In this multicenter study of HIV-infected women and controls, we made several important observations. First, HIV-infected women who had the clinical syndrome of peripheral lipoatrophy had less adipose tissue in each peripheral and each central depot than HIV-infected women without the syndrome of peripheral lipoatrophy. Second, HIV-infected women had less SAT in the legs than control women, regardless of the presence or absence of the clinical syndrome of lipoatrophy. Third, the clinical syndrome of peripheral lipoatrophy was not associated with the clinical syndrome of lipohypertrophy. However, HIV-infected women without the clinical syndrome of lipoatrophy had more VAT and upper trunk SAT than control women. Finally, among the individual ARVs and ARV classes evaluated, use of stavudine and the ARV class NNRTI were associated with less leg SAT, whereas the use of HAART was associated with more VAT.
Our results argue against previous descriptions of a "lipodystrophy syndrome" in which peripheral fat loss is accompanied by central fat gain, including increased VAT. Likely reasons for the observed differences in our study and previous reports[6,11,12,15,17,21,23,24,27,28,29,30,32] include our use of bidirectional questions to assess fat changes, our direct measurements of regional adipose tissue by MRI, and the comparison of HIV-infected and control women.
Our study found that peripheral lipoatrophy was not associated with central lipohypertrophy whether determined by self-report, examination, or concordance. Measurement by MRI also found that the clinical syndrome of peripheral lipoatrophy was not associated with increased VAT. However, our findings that upper trunk SAT and VAT was significantly higher in HIV-infected women without the clinical syndrome of peripheral lipoatrophy, who also had less leg SAT, may explain the previously proposed association of peripheral lipoatrophy with central lipohypertrophy.[11,12,13,15,17,18,20,21,23,24,27,28,29,30] Interestingly, we found that in HIV-infected men, VAT was similar between those with the clinical syndrome of peripheral lipoatrophy and those without the clinical syndrome of peripheral lipoatrophy. Although upper trunk SAT was higher in HIV-infected men without the clinical syndrome of peripheral lipoatrophy compared with those with the clinical syndrome, contrary to what we found in women, the amount of upper trunk SAT in both groups of HIV-infected men was less than in control men. The sex differences observed may be caused by the fact that women have more total body fat than men. Thus, although the clinical syndrome of peripheral lipoatrophy is not associated with the clinical syndrome of central lipohypertrophy, some women will have both a high amount of VAT and a low amount of leg SAT.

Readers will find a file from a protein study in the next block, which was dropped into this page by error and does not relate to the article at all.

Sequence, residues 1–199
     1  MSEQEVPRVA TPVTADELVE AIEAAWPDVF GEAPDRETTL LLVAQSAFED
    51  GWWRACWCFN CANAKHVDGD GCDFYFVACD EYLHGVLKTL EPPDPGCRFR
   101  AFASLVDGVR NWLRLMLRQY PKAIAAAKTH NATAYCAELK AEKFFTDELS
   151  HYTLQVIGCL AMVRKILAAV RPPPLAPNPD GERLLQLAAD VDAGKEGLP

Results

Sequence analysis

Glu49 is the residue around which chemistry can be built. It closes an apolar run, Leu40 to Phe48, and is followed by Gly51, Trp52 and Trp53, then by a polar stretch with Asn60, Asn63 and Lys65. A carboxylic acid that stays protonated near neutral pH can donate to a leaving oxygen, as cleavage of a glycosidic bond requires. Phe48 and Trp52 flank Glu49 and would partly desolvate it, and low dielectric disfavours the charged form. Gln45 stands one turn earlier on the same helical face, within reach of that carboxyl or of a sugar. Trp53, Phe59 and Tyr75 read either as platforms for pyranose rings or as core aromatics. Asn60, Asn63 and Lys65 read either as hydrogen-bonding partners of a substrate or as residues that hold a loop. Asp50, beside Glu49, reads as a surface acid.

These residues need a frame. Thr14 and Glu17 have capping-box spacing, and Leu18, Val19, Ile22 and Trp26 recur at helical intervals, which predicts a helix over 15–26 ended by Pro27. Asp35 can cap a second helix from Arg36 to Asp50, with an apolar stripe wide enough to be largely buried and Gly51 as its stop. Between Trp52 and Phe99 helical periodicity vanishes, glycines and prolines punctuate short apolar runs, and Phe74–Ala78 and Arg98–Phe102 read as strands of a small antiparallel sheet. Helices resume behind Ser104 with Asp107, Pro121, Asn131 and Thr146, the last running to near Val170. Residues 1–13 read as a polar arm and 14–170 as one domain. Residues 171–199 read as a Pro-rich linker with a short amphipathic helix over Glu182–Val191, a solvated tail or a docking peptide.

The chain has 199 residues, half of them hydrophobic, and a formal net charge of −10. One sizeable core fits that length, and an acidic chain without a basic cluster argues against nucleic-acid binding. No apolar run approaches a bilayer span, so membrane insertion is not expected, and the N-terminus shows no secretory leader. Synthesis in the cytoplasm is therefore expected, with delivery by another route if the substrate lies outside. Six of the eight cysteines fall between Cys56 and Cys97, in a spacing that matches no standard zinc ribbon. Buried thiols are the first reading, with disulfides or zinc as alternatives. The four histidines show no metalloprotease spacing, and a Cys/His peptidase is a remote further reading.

Our findings may also explain previous reports that HIV-infected women experience more central lipohypertrophy. First, only 28% of our HIV-infected women had the clinical syndrome of peripheral lipoatrophy by the accepted clinical approach of self report confirmed by examination compared with nearly 40% of FRAM HIV-infected men. Second, those without the clinical syndrome of lipoatrophy had more upper trunk SAT and VAT, yet direct measures of fat on MRI demonstrated less leg fat in all HIV-infected women compared with controls. Conversely, those with the clinical syndrome of lipoatrophy appear to represent those most severely affected with peripheral fat loss. Categorizing HIV-infected women by a clinical syndrome of peripheral lipoatrophy may underestimate the fat changes that occur.
Therefore, we used actual adipose tissue volumes in the leg and VAT to assess the associated factors. We found that the factors associated with leg SAT differed from those associated with VAT. Among the individual ARVs studied, the findings that stavudine was strongly associated with less leg SAT, but apparently not VAT, support the contention that HIV-related lipoatrophy is not linked to visceral obesity. The findings with stavudine confirm what we found in HIV-infected men from our cohort. However, the use of NNRTI as a class predicted less leg SAT in women (-6.0%; 95% CI, -11.5% to -0.8%, P = 0.026), but appeared to be more weakly associated with leg SAT in HIV-infected men from our cohort (-2.5%; 95% CI, -5.6% to 1.0%, P = 0.15). Similarly, indinavir use was associated with less leg SAT in men (-3.3%; 95% CI, -5.4% to -1.0%, P = 0.004), but may be less associated with reduced leg SAT in women (-2.5%; 95% CI, -7.5% to 3.6%, P = 0.50). These data could represent similar trends, but may suggest a sex-specific effect of NNRTI, which has not previously been reported. Most studies in women have not examined the association between the use of NNRTI and leg fat. These results should be examined in a randomized, prospective study of NNRTI use in a large cohort of women using direct measures of fat.